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As Summer Begins, Maryland Zoo Monitors Penguins For Malaria

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Alex DeMetrick 370x278 Alex DeMetrick
Alex DeMetrick has been a general assignment reporter with WJZ...
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BALTIMORE (WJZ)–All our recent heavy rains and warmer temperatures are posing a threat to an unlikely victim: the penguin.

Alex DeMetrick has more on why this time of year puts penguins at the Maryland Zoo at risk.

It’s a parasitic disease most often connected with the tropics, but it’s here. And penguins are vulnerable.

The penguins have drawn crowds for decades at the Maryland Zoo in Baltimore.

“Yeah. They’re cute,” one girl said.

“They’re very interesting,” one boy said.

“We love the penguins. Do you like the penguins?” one mom said.

“Yes,” her daughter replied.

And the penguins have taken to Maryland, which breeds more of the birds than any other zoo in the United States.

But there’s a catch to captivity.

“They don’t seem to mind our Baltimore weather,” said Dr. Allison Wack, Maryland Zoo.

Mosquitoes love it.

This time of year, when a penguin is bitten it could be deadly.

“It’s one of the top causes of death in penguin captivity,” Wack said.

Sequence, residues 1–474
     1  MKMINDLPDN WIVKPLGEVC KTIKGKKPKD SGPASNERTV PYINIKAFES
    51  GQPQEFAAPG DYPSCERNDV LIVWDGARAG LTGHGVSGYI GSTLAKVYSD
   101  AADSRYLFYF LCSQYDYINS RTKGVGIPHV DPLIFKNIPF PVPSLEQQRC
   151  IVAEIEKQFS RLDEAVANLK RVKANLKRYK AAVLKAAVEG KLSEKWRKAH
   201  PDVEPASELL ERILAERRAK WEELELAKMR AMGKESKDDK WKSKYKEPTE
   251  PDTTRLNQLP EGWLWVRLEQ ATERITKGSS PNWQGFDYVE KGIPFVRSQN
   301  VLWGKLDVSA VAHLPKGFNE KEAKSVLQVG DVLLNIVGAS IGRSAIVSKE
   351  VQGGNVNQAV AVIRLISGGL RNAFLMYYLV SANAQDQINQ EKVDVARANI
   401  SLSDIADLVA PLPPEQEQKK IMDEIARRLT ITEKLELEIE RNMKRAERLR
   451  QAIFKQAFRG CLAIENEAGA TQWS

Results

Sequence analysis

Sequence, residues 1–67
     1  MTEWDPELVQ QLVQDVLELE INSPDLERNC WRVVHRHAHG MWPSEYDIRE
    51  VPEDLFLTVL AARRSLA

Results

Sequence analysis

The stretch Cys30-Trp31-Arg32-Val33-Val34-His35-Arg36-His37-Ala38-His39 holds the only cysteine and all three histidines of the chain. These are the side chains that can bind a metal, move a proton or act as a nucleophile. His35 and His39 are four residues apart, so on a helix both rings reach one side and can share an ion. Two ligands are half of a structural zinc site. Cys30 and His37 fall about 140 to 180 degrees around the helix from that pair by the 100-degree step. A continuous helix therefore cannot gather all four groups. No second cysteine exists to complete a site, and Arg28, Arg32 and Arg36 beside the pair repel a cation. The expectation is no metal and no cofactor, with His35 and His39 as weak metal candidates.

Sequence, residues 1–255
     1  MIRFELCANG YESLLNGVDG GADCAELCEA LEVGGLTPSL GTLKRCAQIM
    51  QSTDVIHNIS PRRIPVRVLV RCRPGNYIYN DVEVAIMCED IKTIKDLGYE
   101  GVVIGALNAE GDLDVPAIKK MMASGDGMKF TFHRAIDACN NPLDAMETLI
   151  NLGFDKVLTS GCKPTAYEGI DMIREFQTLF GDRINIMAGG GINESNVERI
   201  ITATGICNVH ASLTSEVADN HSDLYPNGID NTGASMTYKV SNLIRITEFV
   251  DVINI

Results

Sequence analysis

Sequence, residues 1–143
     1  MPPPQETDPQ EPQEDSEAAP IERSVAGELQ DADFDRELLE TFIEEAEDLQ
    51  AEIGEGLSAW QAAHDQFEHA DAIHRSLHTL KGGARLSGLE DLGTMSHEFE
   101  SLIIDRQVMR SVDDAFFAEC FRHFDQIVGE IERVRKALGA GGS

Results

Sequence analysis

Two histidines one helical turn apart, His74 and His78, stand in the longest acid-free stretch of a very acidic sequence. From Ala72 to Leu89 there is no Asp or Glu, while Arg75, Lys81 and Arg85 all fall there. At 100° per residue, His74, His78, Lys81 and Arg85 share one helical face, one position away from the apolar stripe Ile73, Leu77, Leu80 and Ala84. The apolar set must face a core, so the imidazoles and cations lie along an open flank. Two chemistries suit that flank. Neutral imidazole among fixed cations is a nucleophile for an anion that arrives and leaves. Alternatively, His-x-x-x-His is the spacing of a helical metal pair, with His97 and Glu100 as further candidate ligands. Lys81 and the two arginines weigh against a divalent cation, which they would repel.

Wack is a Maryland Zoo veterinarian. The disease she watches for every year is avian malaria, which is common in the United States and worldwide.

People can’t catch it, but penguins can.

“They have about a 50 percent mortality rate, so if we just let them go we could lose half our birds,” Wack said.

So, not long after penguins are hatched they are carefully screened. Multiple blood tests look for the malaria parasite.

“If we find it in those first and second years, we’ll treat them. But in this way we allow them to be exposed naturally and they develop a natural immunity to it over time,” Wack said.

The penguin’s vulnerability in captivity is the result of where it lives in the wild.

Whether it’s the open water of South Africa or Antarctic ice, “they have not evolved with mosquitoes. They’re in windy, coastal areas, so mosquitoes if present blow inland. So they’re not exposed to the parasite,” Wack said.

The Maryland Zoo has lost some penguins in the past to malaria, but most have responded well to a combination of medicine and exposure to the disease and developed immunity.

The Maryland Zoo is one of the few in the world to use the treatment it’s developed. Almost all others rely on yearly doses of malaria medicine for its penguins.

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